Those working in the audio visual industries are relatively young compared with the wider UK workforce. Nearly half are under 35 and only 15% aged over 50, whereas 36% of the wider UK workforce are under 35 and 26% are fifty-plus. Furthermore, there are proportionally more older men than older women in the audio visual industries, compared to the wider UK workforce - but proportionally more younger women than younger men. Forty-five percent of female audio visual workers are aged 25-34, compared to 37% of men in this age group, while 18% of men are aged 50 or over - compared with only 10% of women.


4. Computer and Video Games

In the game industry, the IGDA (International Game Developers Association) keeps excellent records of the workers' profile. In an October 2005 report called "Game Developer Demographics: An Exploration of Workforce Diversity", which was based on a survey among more than 6,000 game developers worldwide, the organization could draw the following conclusion:
Male = 88.5%, Female = 11.5%


So... if I am allowed for a posting moment to grossly simplify all of these (selected and to some extent non-representative, but supported by other sources) results, on average the worldwide estimated percentages of female media workers at the turn of the 20th century are, in ranking order:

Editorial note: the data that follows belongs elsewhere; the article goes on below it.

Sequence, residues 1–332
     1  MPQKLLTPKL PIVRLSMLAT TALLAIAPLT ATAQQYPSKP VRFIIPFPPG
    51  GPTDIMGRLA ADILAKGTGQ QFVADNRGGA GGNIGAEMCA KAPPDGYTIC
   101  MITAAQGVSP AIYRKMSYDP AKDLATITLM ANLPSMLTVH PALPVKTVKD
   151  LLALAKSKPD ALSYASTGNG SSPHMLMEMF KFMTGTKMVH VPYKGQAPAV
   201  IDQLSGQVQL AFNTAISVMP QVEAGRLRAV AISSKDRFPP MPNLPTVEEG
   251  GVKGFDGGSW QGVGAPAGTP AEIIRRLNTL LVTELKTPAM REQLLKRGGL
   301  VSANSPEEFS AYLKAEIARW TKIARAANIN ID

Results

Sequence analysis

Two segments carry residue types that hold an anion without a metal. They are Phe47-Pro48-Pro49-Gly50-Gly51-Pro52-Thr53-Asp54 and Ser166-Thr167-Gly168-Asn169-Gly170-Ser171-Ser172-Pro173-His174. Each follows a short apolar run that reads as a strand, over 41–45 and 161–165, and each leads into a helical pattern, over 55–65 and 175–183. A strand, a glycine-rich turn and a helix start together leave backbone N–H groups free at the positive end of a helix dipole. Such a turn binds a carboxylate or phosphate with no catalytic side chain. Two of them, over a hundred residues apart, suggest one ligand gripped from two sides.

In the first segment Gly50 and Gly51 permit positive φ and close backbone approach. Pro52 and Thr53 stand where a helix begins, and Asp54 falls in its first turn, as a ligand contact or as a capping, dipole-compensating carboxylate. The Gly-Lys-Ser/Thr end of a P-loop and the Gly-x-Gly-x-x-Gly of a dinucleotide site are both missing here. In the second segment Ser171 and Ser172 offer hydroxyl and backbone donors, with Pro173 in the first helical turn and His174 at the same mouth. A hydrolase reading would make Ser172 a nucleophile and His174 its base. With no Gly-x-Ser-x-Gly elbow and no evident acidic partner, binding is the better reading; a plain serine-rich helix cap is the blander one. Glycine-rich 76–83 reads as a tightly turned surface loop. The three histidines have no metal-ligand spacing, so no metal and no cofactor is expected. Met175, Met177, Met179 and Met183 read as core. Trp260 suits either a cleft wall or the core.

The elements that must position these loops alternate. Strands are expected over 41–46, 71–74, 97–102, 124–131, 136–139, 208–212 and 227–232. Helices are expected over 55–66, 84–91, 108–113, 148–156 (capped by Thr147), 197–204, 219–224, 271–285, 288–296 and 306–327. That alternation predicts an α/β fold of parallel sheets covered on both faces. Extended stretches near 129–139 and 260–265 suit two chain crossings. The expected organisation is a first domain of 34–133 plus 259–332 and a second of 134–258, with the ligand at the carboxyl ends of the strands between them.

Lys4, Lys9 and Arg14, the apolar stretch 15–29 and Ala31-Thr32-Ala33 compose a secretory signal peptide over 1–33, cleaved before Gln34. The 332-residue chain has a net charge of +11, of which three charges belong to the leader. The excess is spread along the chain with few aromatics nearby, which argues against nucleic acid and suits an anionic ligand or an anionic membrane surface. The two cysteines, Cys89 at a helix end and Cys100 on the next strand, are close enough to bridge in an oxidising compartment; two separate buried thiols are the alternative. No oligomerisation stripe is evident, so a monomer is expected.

1. Advertising - 54%
2. News - 33%
3. Film/TV - 25%
4. Games - 12%


... and yes of course, the percentage of women goes up (slowly) when you look at newcomers and younger professionals, and the numbers for female employees go down (fast) the closer you get to upper-level managerial and directoral positions.

PS: Let me, in this content, quote myself (sorry, but seems equally relevant here) from an earlier post on the characteristics and gendering of media work:
[M]ediawork (and especially freelance, temporary and otherwise contingent mediawork), is not a open, free-for-all and egalitarian (some say: heterarchic) praxis - it excludes, limits, curtails and effectively privileges certain people, certain values, and a certain way of doing things. I wonder what we're missing in media content (whether its games, movies, or newspapers) because of this.